I haven’t written a Teacher Tuesday in a while, so I figured for my comeback edition, I’d talk a little about one of my personal favorite things: READING!
Firstly, I like to let people know that my experience learning to read was not a smooth one. First grade came and went and I was still struggling to decode three and four letter words. I was young for my grade (August baby, wahoo) so my parents and I decided that the best thing for me at that point in my life (age 6) was to do first grade again.
And I was so lucky. My second time through first grade, at age 7, me and three other kids from my class received specialized daily reading skills sessions. I was little enough that I didn’t feel the stigma of getting “kept back,” or “pulled out.” Instead, I discovered the joy of reading. By the end of that year, I’d found the American Girl Doll books and the Babysitter’s Club series, and started reading in my spare time.
I worked hard in school and earned good grades, but I tested slightly below average in reading until fifth grade, when I jumped into the above average range. What changed from fourth grade to fifth grade, you ask?
I discovered the Harry Potter series mid-way through 4th grade, which launched me into an unstoppable reading binge for, like, the rest of my life. I read all of the HP books three times over, then dredged my library card out of the junk drawer and began a love affair with the YA section.
Flash forward to when I was training as a teacher; One of my first graduate classes focused on reading instruction, and I was absolutely fascinated by the topic. I learned a ton from the course, but one fact stood out to me: the only way to truly improve a student’s reading level is to get them reading, and reading a lot.
I know from my own experience that my reading improved when I read a lot. I know from my teaching practice that my student’s reading improves when they read a lot. And I also know from my teaching practice that my student’s reading doesn’t just stagnate when they’re not reading a lot; it suffers.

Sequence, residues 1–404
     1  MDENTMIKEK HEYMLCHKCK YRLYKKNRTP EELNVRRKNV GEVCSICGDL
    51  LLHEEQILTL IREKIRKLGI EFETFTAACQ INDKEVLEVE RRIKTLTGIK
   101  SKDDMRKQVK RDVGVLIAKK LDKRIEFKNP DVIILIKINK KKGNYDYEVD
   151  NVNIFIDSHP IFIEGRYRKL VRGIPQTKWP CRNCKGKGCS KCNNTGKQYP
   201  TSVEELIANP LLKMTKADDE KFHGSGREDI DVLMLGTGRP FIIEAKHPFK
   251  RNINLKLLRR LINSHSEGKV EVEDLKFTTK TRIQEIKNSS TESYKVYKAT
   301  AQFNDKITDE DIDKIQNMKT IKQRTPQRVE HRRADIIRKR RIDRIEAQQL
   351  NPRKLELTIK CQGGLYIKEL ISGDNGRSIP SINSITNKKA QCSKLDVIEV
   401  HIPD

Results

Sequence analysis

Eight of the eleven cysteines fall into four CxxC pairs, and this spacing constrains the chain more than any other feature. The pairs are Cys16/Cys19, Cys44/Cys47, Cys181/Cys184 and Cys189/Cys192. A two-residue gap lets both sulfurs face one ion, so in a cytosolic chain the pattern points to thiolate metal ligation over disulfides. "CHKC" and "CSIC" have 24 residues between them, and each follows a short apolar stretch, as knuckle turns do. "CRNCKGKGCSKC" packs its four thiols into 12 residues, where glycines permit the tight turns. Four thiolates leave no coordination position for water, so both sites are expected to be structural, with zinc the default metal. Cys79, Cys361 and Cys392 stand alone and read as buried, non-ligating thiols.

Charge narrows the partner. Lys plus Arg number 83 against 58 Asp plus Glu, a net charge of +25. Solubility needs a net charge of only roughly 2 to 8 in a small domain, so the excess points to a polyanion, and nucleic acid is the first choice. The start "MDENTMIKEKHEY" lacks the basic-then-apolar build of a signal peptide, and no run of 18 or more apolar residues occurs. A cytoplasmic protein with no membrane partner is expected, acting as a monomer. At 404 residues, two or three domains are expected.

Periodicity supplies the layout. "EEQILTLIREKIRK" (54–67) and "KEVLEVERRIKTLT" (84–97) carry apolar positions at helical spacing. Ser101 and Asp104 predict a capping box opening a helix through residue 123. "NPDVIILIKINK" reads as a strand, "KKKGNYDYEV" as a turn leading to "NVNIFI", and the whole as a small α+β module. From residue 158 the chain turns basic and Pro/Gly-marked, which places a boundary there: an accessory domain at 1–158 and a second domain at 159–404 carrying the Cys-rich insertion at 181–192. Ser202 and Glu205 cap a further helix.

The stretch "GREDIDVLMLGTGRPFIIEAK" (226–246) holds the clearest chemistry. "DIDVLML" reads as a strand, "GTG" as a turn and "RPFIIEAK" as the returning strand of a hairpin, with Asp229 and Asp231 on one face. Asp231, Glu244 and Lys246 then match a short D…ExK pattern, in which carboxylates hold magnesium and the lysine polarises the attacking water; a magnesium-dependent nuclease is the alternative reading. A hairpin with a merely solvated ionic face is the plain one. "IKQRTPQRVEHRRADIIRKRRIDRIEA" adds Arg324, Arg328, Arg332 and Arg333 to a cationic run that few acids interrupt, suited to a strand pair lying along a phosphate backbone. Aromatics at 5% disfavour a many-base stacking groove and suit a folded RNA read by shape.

“Ask them if they read over the summer before you assess their reading level,” a veteran teacher once told me. “If they say they didn’t read, start assessing them at four levels down from where they left off the year before. It’ll take them until November to climb back again.”
For those of you who aren’t in the know, four levels is nearly a full year of learning loss. As a teacher it’s heartbreaking to see this happen; often times my students with disabilities worked super hard all year to improve their levels, and just those few weeks of “taking it easy” totally stole thier progress back again.
My friends and family who are parents often express frustration around how much homework and summer reading is assigned over vacation and school breaks. I get it; kids hate homework, and often behave like their worst selves during homework time. Summer seems like it should be a reprieve from homework-induced-misbehavior…then the reading list comes home. But believe me; homework time in September will be so much worse if your kid backslides and ends up struggling to understand their assignments. I assign summer reading because I know what can happen if a student isn’t maintaining their skills consistently, and I honestly want better for my students as they move into the next grade.
In my experience, it doesn’t even matter what the kids are reading; It just matters that they’re reading for about 20-30 minutes at a time, at least 5 days a week. So bring on the graphic novels, the dystopian series, the girly magazines, whatever! Let them read that YA romance novel for a 5th time! Let them read Buzzfeed News articles for a while! (as long as they don’t get sidetracked by instagram…)
Summer reading isn’t just a chore; it’s a necessity. And if it’s done well, it’s so, so joyful.
Happy Reading, Folks!
Now You Tell Me…
- Did you have to do any summer reading as a kid?
- What was your favorite childhood book?
- What are you reading right now? (I’m reading The Love That Split The World and loving it so far!)